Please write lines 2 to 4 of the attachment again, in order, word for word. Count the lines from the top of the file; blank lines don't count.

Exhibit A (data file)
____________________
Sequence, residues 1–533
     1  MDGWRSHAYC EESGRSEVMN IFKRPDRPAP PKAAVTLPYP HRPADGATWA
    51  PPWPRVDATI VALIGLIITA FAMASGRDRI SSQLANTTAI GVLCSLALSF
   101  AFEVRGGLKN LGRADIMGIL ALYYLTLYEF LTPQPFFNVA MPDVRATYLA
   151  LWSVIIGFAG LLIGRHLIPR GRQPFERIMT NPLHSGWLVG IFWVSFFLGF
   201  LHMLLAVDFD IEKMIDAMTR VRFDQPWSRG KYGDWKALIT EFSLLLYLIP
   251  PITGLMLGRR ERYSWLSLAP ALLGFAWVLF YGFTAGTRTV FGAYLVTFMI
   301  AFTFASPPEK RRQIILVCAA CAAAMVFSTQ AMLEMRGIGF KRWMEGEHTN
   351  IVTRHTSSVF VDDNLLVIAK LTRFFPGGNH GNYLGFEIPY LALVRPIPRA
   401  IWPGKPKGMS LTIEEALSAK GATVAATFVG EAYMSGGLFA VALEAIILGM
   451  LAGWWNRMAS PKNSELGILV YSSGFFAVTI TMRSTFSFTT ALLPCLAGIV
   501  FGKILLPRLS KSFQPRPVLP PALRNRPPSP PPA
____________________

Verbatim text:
     1  MDGWRSHAYC EESGRSEVMN IFKRPDRPAP PKAAVTLPYP HRPADGATWA
    51  PPWPRVDATI VALIGLIITA FAMASGRDRI SSQLANTTAI GVLCSLALSF
   101  AFEVRGGLKN LGRADIMGIL ALYYLTLYEF LTPQPFFNVA MPDVRATYLA